DELRAY BEACH — Just days after a man was arrested on a felony perjury charge for allegedly lying about being an HOA president, Delray Beach’s city manager addressed the odd situation, saying they were left with little choice but to press charges.
The details stunned city officials and government experts, who hadn’t heard of a circumstance where a city resident was arrested on the accusation of lying during a public meeting.
Delray Beach City Manager Terrence Moore said they were “surprised” after learning a resident appeared to have misrepresented himself during a City Commission meeting. Once the shock wore off and they analyzed the situation, they decided to press charges.
“Once a felony event is brought to light, we really didn’t have much choice other than to respond accordingly,” Moore said.
Moore said it’s “extremely important” that people are honest when they speak during these meetings because “it’s under oath as testimony to help the City Commission to make sound solid judgment informed decisions. Honesty is extremely paramount and utmost in case of deliberations.”
Eugene Steinfeld, a former Margate city attorney with decades of experience, said he has “just never heard of [anything like it].” Steinfeld, who is not involved in the case, added, “No one has ever been as blatant [about it] that I’m aware of, and I was a city attorney for 38 years.”
[ RELATED: A Delray Beach man lied about being an HOA president during a city meeting, police say. He’s now been arrested. ]
The resident in question, Neil Carson, has pleaded not guilty to the perjury charge, and will have his next court hearing in October, records show. Reached by the South Florida Sun Sentinel on Tuesday, Carson declined to comment.
During a City Commission meeting in August, Carson spoke in favor on a controversial plan for an apartment building, claiming to be the president of a homeowners association near the project, police said.
He approached the lectern and spoke for three minutes, praising the project. “Everyone is really in favor of what’s happening in the area,” Carson said during the meeting. “And this project we feel will just add to the beautification of the area.”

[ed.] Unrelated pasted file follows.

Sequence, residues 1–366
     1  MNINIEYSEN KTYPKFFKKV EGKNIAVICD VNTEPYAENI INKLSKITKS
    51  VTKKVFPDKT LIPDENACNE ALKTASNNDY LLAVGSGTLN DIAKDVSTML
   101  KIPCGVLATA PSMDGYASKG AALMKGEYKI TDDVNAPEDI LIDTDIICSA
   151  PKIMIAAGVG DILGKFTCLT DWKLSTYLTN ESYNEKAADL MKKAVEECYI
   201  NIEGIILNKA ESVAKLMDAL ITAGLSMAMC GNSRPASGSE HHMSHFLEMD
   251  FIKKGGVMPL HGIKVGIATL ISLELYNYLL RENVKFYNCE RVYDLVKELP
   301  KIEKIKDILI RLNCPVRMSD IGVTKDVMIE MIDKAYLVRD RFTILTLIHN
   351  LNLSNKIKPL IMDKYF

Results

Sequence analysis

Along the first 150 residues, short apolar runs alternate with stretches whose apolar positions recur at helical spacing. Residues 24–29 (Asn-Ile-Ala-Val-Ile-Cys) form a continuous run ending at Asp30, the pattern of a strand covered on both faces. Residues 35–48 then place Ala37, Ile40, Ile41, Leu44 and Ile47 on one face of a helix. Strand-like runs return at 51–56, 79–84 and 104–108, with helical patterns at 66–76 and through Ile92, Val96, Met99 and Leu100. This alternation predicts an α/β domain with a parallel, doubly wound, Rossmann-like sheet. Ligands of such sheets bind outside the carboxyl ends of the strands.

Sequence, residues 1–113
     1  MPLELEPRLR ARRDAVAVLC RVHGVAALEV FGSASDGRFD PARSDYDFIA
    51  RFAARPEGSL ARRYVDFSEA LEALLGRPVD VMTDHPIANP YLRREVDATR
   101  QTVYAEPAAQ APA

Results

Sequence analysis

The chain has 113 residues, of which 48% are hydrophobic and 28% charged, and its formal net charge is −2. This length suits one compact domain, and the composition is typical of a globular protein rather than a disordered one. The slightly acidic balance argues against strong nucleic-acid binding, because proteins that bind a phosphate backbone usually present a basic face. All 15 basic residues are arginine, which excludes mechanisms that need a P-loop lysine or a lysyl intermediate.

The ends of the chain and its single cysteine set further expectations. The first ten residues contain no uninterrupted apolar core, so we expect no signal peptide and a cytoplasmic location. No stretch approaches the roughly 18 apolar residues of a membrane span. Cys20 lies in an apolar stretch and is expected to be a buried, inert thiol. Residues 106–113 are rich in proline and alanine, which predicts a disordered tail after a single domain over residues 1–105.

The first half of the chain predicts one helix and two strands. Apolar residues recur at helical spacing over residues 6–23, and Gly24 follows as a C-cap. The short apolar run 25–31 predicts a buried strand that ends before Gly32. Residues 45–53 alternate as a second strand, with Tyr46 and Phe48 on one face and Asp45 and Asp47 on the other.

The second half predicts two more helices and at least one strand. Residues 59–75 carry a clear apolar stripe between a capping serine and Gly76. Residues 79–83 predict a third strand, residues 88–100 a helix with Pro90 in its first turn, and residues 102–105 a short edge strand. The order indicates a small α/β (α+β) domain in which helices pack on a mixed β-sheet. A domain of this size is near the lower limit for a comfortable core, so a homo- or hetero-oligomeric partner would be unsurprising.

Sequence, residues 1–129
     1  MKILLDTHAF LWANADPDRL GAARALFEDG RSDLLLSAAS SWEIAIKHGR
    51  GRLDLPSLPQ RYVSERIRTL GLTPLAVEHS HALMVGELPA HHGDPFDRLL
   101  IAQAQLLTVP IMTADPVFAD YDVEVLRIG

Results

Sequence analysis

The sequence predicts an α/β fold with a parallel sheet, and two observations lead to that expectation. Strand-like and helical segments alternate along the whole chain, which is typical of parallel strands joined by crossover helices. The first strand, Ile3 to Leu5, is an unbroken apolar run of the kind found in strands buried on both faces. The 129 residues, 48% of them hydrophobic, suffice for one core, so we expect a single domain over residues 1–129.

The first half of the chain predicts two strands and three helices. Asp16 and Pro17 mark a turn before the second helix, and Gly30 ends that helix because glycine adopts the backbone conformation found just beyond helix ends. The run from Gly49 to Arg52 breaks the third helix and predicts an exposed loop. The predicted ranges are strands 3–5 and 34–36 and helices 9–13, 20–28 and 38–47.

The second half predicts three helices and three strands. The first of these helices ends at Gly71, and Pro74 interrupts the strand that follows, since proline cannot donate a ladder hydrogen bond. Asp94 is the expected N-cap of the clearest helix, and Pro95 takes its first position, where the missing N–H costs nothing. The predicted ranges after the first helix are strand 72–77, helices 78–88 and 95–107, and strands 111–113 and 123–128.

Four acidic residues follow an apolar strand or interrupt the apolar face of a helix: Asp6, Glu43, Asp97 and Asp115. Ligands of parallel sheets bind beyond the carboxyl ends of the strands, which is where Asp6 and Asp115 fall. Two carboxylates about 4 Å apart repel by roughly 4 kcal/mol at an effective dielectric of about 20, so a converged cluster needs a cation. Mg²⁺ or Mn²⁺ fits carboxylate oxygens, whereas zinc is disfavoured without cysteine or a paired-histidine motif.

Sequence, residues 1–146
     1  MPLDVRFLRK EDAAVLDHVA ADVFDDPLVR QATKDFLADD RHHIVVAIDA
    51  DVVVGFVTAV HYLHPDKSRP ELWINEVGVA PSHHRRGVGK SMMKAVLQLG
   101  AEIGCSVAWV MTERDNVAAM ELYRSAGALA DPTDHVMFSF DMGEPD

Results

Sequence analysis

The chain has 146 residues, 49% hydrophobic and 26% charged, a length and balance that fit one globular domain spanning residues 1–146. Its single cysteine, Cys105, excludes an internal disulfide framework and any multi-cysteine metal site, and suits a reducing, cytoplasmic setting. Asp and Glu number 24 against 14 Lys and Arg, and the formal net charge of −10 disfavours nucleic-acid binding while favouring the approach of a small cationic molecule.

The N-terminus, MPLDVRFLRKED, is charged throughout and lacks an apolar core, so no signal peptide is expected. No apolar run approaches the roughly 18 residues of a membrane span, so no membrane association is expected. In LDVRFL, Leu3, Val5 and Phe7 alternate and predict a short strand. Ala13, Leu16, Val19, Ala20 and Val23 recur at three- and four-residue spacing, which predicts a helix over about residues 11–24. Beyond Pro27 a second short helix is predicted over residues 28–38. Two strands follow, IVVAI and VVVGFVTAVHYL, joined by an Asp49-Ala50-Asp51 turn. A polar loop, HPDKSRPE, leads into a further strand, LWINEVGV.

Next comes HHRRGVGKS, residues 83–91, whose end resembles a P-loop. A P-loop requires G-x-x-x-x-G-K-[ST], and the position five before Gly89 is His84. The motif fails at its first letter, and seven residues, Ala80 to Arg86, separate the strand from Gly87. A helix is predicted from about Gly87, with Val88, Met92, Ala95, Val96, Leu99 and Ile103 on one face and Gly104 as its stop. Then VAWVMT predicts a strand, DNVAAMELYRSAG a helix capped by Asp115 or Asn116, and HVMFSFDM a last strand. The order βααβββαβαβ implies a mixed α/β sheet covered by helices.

“We are really in favor of this project.”
As it turned out, Carson was not the president of the HOA, police said. He is a construction executive for a Delray Beach firm, Kaufman Lynn, which has done numerous housing developments in the city, according to the company’s website.
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Just three days after the meeting, an attorney for the HOA, Andover, wrote a letter to the city, saying Carson had lied and that he is not the president and is not even on the board of directors, police said.
The problem for Carson was that since City Commission meetings are considered quasi-judicial hearings, speakers are sworn in under oath by the city clerk before they can make their comments. In a police report on the case, police cited how he was under oath when he made his comments.
The city had passed the information on to Delray Beach Police, who then investigated the allegations, leading to Carson’s arrest on Sunday.
Carson has retained local attorney Leonard Feuer, who specializes in cases involving the government. Feuer previously represented former Boca Raton Mayor Susan Haynie and State Rep. Emily Slosberg in high-profile cases.
In 2021, Haynie pleaded guilty to two misdemeanors that accused her of making four improper votes as mayor to approve projects that benefited Boca’s largest commercial landowners.
Slosberg avoided prosecution on two misdemeanor charges connected to a 2019 trespassing incident at her former Boca Raton residence.
Attempts by the South Florida Sun Sentinel to reach Feuer were unsuccessful.